American Telephone & Telegraph Co., which Sunday made an aggressive $6 billion bid for computer maker NCR Corp., will likely succeed in its offer, industry analysts said today.
A deal would be the second-largest this year, following the $6.13 billion cash bid by Matsushita Electric Industrial Co. Ltd. for entertainment company MCA Inc.
"They're just haggling over price," said Stephen Smith, a PaineWebber analyst. "They're likely to go to the alter without too much of a fight."
Once a merger is completed, the biggest telephone company in the world probably will phase out much of its own computer operations, which have been losing money, analysts said.
"My reading on this is that AT&T is closing its own computer business and buying someone else's," said Gregory Sawers, an analyst at Sanford C. Bernstein and Co. Inc.
New York-based AT&T said it would pay $90 a share in stock for NCR. The Dayton, Ohio computer maker said it would consider the bid, although it rejected an earlier $85-per-share offer that it said was inadequate.
Analysts said AT&T is anxious to acquire NCR to bolster its lagging computer division, which has never been a strong performer.
They said AT&T likely would close its computer operations and incur charges of as much as $1 billion to $2 billion in the process.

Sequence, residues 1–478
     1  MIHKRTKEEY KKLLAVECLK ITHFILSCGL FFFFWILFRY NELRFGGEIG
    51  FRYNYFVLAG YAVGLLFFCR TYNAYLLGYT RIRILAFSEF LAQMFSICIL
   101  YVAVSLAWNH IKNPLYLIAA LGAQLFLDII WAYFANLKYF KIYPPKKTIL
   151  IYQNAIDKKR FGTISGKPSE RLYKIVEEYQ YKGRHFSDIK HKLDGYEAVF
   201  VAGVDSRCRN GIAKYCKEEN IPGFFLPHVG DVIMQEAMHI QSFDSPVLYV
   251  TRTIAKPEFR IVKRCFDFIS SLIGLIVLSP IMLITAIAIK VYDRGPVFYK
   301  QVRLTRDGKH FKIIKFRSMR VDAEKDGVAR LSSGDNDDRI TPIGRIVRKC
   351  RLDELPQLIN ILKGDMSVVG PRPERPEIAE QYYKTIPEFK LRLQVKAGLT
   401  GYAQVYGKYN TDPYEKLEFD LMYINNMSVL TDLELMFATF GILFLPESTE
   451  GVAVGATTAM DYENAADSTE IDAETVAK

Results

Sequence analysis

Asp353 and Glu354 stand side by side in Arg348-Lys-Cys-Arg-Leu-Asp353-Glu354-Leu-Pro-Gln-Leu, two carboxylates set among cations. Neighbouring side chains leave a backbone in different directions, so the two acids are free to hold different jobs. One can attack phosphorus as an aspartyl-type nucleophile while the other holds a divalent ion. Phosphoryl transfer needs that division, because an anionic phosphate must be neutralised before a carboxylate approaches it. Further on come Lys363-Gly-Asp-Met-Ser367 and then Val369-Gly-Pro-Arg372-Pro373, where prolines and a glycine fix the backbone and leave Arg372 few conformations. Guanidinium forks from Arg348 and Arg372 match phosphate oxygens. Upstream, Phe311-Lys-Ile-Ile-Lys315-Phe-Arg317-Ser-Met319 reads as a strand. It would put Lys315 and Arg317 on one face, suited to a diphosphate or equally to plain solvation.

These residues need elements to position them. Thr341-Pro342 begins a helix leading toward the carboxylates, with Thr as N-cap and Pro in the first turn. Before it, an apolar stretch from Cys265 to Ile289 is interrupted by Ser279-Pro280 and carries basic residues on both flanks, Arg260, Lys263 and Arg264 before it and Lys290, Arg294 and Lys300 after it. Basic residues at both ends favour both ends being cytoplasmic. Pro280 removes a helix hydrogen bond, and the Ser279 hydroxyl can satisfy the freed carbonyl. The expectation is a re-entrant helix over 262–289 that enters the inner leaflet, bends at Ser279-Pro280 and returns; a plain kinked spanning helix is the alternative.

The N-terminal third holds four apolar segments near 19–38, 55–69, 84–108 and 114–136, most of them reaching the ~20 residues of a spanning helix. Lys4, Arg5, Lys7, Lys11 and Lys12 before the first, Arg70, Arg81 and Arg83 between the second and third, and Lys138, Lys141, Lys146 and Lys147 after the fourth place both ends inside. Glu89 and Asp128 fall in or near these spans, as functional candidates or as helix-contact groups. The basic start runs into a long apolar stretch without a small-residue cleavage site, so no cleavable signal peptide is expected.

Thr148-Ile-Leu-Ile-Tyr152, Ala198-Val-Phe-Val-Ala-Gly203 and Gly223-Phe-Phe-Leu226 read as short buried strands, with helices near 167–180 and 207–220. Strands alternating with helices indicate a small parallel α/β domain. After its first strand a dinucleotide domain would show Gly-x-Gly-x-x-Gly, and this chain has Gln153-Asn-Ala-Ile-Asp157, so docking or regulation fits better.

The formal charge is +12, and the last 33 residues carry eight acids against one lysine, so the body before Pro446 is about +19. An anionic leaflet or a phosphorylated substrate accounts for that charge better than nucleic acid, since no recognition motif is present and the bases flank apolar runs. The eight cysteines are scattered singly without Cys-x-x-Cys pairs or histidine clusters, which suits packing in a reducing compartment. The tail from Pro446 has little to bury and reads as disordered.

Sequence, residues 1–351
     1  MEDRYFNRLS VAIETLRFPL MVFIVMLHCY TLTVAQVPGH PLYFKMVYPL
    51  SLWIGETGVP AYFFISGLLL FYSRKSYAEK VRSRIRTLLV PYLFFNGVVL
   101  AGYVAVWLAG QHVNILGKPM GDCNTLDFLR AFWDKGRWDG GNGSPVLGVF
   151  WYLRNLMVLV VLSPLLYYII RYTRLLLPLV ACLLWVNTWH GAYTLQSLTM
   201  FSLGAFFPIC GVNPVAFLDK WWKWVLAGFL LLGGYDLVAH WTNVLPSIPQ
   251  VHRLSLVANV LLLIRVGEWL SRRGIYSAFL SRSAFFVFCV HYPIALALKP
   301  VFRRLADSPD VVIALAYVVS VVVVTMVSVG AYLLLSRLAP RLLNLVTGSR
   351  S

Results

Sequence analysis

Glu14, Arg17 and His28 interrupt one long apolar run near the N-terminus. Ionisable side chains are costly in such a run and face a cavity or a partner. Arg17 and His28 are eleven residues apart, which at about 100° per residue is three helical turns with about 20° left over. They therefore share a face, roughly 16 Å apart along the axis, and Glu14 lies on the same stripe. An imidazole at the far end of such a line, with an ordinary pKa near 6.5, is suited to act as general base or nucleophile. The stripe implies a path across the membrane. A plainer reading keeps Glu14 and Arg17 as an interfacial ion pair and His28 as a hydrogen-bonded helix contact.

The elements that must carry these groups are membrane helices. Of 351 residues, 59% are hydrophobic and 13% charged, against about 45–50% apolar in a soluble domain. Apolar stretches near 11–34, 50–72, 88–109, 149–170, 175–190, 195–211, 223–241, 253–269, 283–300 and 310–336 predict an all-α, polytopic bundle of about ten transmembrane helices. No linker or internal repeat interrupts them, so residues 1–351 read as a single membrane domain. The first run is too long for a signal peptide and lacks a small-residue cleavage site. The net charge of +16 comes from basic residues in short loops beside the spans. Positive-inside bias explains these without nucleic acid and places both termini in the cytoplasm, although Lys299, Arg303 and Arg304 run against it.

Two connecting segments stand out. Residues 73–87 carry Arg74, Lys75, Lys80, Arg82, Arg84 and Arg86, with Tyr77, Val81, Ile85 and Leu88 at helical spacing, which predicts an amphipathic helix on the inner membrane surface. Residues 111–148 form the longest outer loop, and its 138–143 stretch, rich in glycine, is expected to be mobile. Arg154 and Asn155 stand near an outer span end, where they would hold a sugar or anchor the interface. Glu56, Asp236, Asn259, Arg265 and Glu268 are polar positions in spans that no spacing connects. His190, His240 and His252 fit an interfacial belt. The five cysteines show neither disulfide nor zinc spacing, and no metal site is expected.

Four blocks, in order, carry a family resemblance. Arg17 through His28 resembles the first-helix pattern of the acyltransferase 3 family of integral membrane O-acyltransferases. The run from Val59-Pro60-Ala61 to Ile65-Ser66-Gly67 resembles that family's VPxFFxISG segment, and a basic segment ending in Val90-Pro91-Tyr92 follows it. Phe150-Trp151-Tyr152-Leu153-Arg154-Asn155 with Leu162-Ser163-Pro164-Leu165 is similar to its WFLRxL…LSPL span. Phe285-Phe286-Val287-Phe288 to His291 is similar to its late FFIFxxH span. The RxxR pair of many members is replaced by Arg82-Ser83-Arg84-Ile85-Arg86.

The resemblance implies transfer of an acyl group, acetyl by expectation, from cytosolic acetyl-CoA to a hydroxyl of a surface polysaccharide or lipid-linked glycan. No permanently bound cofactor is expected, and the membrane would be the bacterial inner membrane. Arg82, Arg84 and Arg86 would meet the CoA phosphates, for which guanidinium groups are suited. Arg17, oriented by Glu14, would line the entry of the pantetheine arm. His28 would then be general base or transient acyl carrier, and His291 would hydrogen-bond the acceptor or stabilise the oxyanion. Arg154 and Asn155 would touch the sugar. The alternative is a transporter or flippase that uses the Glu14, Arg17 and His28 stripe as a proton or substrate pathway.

"There'll be substantial writeoffs associated with AT&T operations if this deal goes through," said George Dellinger, who follows AT&T for County Natwest USA.
A merger would leave the two companies with, among other things, overlapping plant facilities and support services for personal computers.
PaineWebber analyst Jack Grubman said AT&T likely would move quickly to reduce its work force and close plants, taking a charge to earnings within three months of the deal's closing.
"Strategically it will be years before it is evident if this deal makes sense," Grubman said. "On paper there are clearly benefits."
When takeover speculation surfaced early last month, many analysts noted that a merger of the two companies made sense, given NCR's focus on the UNIX operating system, a standard approach invented by AT&T's Bell Laboratories.
Many NCR products are UNIX-compatible, giving customers the option to run their software on any vendors' machines.
Companies backing open systems such as UNIX are expected to whittle away market share from companies that manufacture proprietary computer systems that lock customers into one vendor because their software will not run on other machines.